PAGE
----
"This is a slap in the face for those in the disabled community because it paints all those who suffer from mental disorders with the same broad brush," said Republican House Judiciary Chairman Bob Goodlatte, as reported by USA Today. "It assumes that simply because an individual suffers from a mental condition, that individual is unfit to exercise his or her Second Amendment rights."
7. Trump's graphic insult of cable host Mika Brzezinski
Seemingly in response to a particularly scathing segment on MSNBC's Morning Joe, President Trump unleashed one of the most vitriolic insults of his presidency on June 29, aimed at host Mika Brzezinski.
...to Mar-a-Lago 3 nights in a row around New Year's Eve, and insisted on joining me. She was bleeding badly from a face-lift. I said no!— Donald J. Trump (@realDonaldTrump) June 29, 2017
Lawmakers from both sides of the aisle denounced the comments.
"Please just stop," said Republican Sen. Ben Sasse of Nebraska. "This isn't normal and it's beneath the dignity of your office."
8. Melissa McCarthy's "Spicey" and Alec Baldwin's Trump return to "SNL"
Politics dominated late night TV this year, and no moment (apologies to Jimmy Kimmel's health care monologue) captivated NPR audiences more than McCarthy's Barbie-wielding, lectern-riding, gum-devouring Sean Spicer lampoon on Saturday Night Live.
"First of all, I'd just like to announce that I'm calm now and I will remain calm," McCarthy says, in the show's cold open. "This is a new Spicey!"
This particular Feb. 11 episode saw Alec Baldwin return to hosting duties for a record 17th time as well, where he reprised his Trump impression.
9. Trump administration clashes with the media over inauguration crowd size
The third inauguration story on NPR.org's Top 10 is about President Trump's administration calling out what they saw as "deliberately false reporting" on the size of the crowd at Trump's inauguration.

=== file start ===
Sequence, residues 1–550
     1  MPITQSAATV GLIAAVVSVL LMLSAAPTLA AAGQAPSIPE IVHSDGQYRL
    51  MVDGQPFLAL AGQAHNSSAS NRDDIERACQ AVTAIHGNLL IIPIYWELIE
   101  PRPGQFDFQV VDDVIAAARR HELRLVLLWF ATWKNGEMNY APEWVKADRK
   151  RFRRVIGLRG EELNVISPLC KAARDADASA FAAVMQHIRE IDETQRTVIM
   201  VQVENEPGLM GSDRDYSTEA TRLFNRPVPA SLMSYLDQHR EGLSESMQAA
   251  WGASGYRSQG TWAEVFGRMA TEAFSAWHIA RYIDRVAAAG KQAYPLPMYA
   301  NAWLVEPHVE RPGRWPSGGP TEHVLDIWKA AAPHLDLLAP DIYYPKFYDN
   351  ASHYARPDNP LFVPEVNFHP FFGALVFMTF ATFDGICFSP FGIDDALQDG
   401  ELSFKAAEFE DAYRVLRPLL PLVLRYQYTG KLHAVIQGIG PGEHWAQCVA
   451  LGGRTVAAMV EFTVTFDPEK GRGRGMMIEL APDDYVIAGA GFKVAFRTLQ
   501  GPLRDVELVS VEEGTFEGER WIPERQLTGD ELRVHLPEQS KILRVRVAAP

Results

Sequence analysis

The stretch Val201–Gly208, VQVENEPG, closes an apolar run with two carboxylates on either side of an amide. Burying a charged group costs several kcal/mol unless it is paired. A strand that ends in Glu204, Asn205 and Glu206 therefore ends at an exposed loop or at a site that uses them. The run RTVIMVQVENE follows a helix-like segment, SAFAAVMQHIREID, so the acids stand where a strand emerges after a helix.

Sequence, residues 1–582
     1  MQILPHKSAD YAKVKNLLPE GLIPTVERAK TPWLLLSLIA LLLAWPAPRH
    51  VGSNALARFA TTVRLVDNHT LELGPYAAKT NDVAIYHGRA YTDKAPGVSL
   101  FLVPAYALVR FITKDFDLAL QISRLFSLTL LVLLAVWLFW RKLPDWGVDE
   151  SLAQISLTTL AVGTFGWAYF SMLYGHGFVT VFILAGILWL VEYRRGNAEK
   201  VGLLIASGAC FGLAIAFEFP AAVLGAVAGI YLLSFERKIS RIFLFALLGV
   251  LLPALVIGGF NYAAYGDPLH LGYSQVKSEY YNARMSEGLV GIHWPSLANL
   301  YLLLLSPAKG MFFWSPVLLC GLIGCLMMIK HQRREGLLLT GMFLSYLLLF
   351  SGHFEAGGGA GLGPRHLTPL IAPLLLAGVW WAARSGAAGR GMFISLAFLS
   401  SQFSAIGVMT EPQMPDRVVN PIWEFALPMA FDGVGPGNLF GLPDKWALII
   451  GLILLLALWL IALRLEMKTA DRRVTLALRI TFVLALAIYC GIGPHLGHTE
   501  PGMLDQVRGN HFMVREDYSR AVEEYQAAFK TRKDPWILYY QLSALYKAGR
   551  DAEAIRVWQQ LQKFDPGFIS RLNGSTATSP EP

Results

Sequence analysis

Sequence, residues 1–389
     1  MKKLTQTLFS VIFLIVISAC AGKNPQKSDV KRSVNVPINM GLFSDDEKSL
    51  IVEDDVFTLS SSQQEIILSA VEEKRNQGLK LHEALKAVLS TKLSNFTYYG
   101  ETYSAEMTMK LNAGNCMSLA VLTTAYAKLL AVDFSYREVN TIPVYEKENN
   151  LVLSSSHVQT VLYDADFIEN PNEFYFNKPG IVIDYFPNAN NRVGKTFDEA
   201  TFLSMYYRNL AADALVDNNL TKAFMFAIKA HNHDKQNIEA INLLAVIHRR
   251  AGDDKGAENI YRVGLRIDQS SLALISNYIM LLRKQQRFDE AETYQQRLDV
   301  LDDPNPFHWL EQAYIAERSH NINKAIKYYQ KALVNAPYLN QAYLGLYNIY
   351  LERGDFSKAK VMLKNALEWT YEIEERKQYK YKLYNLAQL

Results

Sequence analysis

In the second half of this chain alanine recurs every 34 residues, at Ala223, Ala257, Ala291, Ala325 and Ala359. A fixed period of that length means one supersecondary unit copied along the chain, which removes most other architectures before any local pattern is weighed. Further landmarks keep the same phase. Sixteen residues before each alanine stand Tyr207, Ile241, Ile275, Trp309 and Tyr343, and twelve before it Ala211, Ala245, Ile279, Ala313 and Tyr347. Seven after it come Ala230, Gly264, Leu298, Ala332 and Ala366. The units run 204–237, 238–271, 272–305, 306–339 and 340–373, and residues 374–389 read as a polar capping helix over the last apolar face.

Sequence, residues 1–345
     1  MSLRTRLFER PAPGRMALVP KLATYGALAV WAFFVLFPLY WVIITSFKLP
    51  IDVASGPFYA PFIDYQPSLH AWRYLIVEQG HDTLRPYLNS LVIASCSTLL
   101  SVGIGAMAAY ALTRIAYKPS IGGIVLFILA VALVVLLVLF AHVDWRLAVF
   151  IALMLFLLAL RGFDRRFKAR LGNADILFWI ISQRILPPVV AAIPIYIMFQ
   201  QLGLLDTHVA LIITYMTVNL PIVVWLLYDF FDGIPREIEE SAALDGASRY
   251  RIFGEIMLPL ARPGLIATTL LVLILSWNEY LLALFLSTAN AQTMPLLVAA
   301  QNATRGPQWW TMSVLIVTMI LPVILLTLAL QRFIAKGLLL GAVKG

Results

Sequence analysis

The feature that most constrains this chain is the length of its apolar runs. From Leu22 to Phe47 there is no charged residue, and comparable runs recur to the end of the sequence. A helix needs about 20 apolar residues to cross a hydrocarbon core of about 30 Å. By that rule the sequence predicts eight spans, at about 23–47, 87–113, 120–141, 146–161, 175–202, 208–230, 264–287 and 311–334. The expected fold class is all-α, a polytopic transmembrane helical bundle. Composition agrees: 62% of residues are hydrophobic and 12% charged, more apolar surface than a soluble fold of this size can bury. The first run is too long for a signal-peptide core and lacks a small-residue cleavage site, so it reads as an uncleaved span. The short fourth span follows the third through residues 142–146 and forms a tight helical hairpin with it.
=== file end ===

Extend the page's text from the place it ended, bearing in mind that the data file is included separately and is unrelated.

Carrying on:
"Photographs of the inaugural proceedings were intentionally framed in a way, in one particular tweet, to minimize the enormous support that had gathered on the National Mall," then-press secretary Sean Spicer said. "That was the largest audience to witness an inauguration, period. Both in person and around the globe."
PolitiFact rated the claim " Pants on Fire," the fact-checking site's most egregious falsehood rating.
Spicer also correctly said the National Park Service does not do crowd estimates anymore, so there wasn't an official estimate, but he went on to incorrectly talk about the number of people who used D.C. public transportation.
From NPR's Jessica Taylor:
"In 2009, 317,000 people had, in fact, used the Metro by 11 a.m., according to WMATA, as Spicer cited. But the White House press secretary then claimed that 420,000 people had used the Metro on Friday; by 11 a.m. only 193,000 people had ridden Metro. For the whole day on Friday, 570,000 people used the system, but in 2013 there were 782,000 riders and 1.1 million riders in 2009 — both much larger than Trump's inauguration."
10. Comey fesses up to owning anonymous Twitter account
Former FBI Director James Comey has taken a political beating from politicians on both sides of the aisle the past two years, for his handling of separate investigations into Hillary Clinton's email server and Russian election interference. He was fired by President Trump in May, amid the FBI's mounting investigation into the Trump campaign's ties to Russia.
Comey hasn't been involved in very many light-hearted stories recently, but this one from NPR's Carrie Johnson is the exception.
In October, Comey fessed up to owning a Twitter account under the name "Reinhold Niebuhr."
A reporter for Gizmodo traced the Twitter account to Comey, after doing what she described as "four hours of sleuthing." The account took the name of a well-known theologian about whom Comey wrote an undergraduate thesis at the College of William and Mary.
Revealing himself as the account owner, Comey tweeted a picture of himself alone along the roadside in Iowa, with the caption: "On the road home. Gotta get back to writing."
He closed with a message we can all take with us into 2018:
Copyright 2020 NPR. To see more, visit https://www.npr.org.